Operations Enduring Freedom and Iraqi Freedom were the first major wars of the 21st century. They will not be the last. They have significantly impacted how our government and military think about prosecuting wars. They will have a generational impact on the U.S. military, as its future leaders, particularly those in the ground forces, will for decades be men and women who served in Iraq and Afghanistan.* I believe it is imperative that leaders at all levels, both military and civilian, share their experiences to ensure that we, as a military and as a country, gain appropriate insights for the future.
As the Army chief of staff, I encouraged leaders at the war colleges, staff colleges, and advanced courses to write about what they did in Iraq and Afghanistan so that others could be better prepared when they faced similar challenges. This book is my effort to follow my own advice. I believe that we have not seen the last of the challenges and demands that I faced during my 32 months of combined command in Iraq, and I offer these insights so that future leaders can be better prepared.
During my command tenure, the Multi-National Force–Iraq (MNF-I) mission transitioned from one of occupation to one of partnership with three Iraqi governments. We used this period to lay the foundation for and begin the transition to a self-reliant Iraqi government, our mandate from the United Nations (UN). This book primarily addresses the events, decisions, and actions of MNF-I as I perceived them at the time. I have occasionally offered retrospective insights that come from experience and hindsight, but I felt it is more important to focus on what I thought and what I did then to provide the best insight into the challenges I faced and how I dealt with them. It reflects my insights as a commander in one theater of a broader war.
In preparing this book, I relied on the historical records that I kept from Iraq—personal notes, briefings, plans, assessments, meeting notes—that, while decidedly incomplete, greatly sharpened my personal recollections and offered insights into how we viewed the situation over time and what we conveyed to our political leaders. They are available for research at the National Defense University.
As in any major endeavor, personalities mattered. Throughout my entire command tenure, I interacted with an extremely professional group of civilian and military leaders. My Commander in Chief was President George W. Bush, who was served by two Secretaries of State, Colin Powell and Condoleezza Rice, and two National Security Advisors, Dr. Rice and Stephen Hadley, whom I interacted with regularly. Strategic oversight came from two Secretaries of Defense, Donald Rumsfeld for 30 months, and Robert Gates for my final 2 months. I worked closely with two Chairmen of the Joint Chiefs of Staff, General Richard Myers, USAF, for 17 months and General Peter Pace, USMC, for 15 months. My immediate military commander for my entire tenure was Commander of U.S. Central Command General John Abizaid, USA. I was privileged to work side-by-side with two U.S. Ambassadors, John Negroponte and Zalmay Khalilzad, for 8 months and 22 months, respectively, and one interim Ambassador, Jim Jeffrey, who later returned as our Ambassador to Iraq. I worked with the leaders of three different Iraqi governments, led by Prime Ministers Ayad Allawi, Ibrahim al-Jafari, and Nuri al-Maliki. I had the benefit of working with very talented military subordinates: four Multi-National Corps–Iraq (MNC-I) commanders—then–Lieutenant Generals Thomas Metz, John Vines, Peter Chiarelli, and Raymond Odierno—and two Multi-National Security Transition Command–Iraq (MNSTC-I) commanders, then–Lieutenant Generals David Petraeus and Martin Dempsey. I also worked closely with Lieutenant General Stan McChrystal, who led our efforts against al Qaeda in Iraq and Afghanistan.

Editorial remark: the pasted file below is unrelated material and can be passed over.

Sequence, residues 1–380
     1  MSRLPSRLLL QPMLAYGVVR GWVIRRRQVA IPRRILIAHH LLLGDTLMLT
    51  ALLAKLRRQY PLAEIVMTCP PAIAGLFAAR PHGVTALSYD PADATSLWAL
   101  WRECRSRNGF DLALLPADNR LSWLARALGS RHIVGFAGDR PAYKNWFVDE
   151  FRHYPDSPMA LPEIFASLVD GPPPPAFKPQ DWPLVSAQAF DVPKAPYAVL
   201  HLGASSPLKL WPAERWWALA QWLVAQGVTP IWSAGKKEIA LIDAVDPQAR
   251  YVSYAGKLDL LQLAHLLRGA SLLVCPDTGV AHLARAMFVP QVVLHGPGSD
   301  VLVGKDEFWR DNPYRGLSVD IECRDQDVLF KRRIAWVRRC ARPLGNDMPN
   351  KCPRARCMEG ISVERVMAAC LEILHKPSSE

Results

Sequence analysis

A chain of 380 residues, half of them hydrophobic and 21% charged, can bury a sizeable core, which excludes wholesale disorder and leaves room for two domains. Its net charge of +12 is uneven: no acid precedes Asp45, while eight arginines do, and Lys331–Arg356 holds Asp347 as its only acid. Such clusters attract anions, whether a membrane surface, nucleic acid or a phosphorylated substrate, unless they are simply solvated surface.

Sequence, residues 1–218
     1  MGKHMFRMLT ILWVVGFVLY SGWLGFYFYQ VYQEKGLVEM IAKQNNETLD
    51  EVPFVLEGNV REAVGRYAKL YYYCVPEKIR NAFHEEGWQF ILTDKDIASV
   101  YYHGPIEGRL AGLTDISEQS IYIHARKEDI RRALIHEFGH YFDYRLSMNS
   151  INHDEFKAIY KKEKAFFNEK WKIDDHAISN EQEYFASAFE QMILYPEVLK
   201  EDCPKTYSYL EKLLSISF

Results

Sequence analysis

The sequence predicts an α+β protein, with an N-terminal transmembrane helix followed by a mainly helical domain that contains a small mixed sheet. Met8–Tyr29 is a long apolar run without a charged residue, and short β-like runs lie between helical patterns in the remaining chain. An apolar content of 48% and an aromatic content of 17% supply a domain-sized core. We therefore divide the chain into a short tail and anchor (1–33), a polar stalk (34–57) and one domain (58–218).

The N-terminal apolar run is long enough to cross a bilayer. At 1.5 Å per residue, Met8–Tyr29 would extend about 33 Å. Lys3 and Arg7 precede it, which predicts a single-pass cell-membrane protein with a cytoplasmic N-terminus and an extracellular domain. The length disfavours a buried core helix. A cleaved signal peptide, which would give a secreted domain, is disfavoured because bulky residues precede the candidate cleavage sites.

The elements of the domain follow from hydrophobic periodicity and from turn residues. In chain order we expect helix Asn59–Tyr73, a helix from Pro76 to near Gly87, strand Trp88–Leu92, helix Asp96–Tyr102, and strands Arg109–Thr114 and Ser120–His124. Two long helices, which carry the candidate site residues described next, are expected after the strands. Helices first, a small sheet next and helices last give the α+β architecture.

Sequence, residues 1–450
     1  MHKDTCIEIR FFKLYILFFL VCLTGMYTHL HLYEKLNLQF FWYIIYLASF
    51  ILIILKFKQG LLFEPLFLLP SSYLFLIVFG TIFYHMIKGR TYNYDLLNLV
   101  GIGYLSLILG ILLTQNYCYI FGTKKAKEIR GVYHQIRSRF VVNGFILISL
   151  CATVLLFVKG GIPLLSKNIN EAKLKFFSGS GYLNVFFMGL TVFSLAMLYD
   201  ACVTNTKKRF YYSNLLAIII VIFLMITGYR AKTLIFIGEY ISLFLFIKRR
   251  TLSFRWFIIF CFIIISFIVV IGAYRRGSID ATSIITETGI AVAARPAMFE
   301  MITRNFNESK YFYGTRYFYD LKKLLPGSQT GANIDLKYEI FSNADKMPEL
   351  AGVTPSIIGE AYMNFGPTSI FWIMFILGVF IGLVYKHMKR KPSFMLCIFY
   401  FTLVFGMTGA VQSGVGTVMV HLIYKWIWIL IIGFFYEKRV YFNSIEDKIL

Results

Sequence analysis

Over 65 years ago in his initial dispatch following Operation Torch, General Dwight Eisenhower wrote that “the accomplishments of this campaign are sufficiently evident to make comment unnecessary. Our mistakes, some of which were serious, may be less apparent at this moment, and, in the interest of future operations, they should be subject to dispassionate analysis.”
Although the accomplishments of this campaign may not currently be seen with sufficient clarity to make comment unnecessary, I submit this book in the same spirit. The challenges that I faced during my command hold valuable lessons for future military and civilian leaders as we enter our second decade of war. It is my hope that this book will provide insights that allow future leaders to better prepare themselves for the challenges they will surely face in this era of persistent conflict.
I purposely focused this book on my actions and the actions of my headquarters and, as a result, have only touched briefly on the significant stories of the advances that were made during this time in training indigenous security forces, targeting high-value individuals, detainee operations, reconstruction, and dealing with improvised explosive devices. The men and women of the MNF-I, the Intelligence Community, and the Department of State who served in Iraq during this time rewrote the books in these and other areas and postured us for success in Iraq and in future conflicts.
Operation Iraqi Freedom is part of a larger story—that of the United States as a nation adapting to the security challenges thrust on us by the al Qaeda attacks of September 11, 2001, and that of a military transforming in the midst of war. As this book illustrates, the forces involved, both military and civilian, adapted under fire and in the face of the uncertainty and complexity of Iraq to accomplish our national objectives and provide 27 million Iraqis the opportunity for a better life. It is a historic accomplishment, and one of which all Americans can be justifiably proud.
—George W. Casey, Jr.
General, U.S. Army, Retired